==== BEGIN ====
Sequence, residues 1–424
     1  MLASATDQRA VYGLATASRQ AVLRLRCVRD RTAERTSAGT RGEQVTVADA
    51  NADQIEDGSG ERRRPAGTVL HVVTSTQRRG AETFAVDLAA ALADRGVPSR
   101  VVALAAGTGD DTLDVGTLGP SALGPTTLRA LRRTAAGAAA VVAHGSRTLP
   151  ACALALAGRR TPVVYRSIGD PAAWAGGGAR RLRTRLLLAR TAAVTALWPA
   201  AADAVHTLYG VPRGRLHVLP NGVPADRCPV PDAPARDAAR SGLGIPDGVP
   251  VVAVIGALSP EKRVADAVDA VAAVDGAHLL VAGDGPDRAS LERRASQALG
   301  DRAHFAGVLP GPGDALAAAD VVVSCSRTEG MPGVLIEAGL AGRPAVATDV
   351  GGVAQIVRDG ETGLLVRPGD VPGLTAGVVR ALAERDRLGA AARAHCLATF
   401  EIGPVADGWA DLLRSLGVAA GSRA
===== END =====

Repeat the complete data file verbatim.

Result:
Sequence, residues 1–424
     1  MLASATDQRA VYGLATASRQ AVLRLRCVRD RTAERTSAGT RGEQVTVADA
    51  NADQIEDGSG ERRRPAGTVL HVVTSTQRRG AETFAVDLAA ALADRGVPSR
   101  VVALAAGTGD DTLDVGTLGP SALGPTTLRA LRRTAAGAAA VVAHGSRTLP
   151  ACALALAGRR TPVVYRSIGD PAAWAGGGAR RLRTRLLLAR TAAVTALWPA
   201  AADAVHTLYG VPRGRLHVLP NGVPADRCPV PDAPARDAAR SGLGIPDGVP
   251  VVAVIGALSP EKRVADAVDA VAAVDGAHLL VAGDGPDRAS LERRASQALG
   301  DRAHFAGVLP GPGDALAAAD VVVSCSRTEG MPGVLIEAGL AGRPAVATDV
   351  GGVAQIVRDG ETGLLVRPGD VPGLTAGVVR ALAERDRLGA AARAHCLATF
   401  EIGPVADGWA DLLRSLGVAA GSRA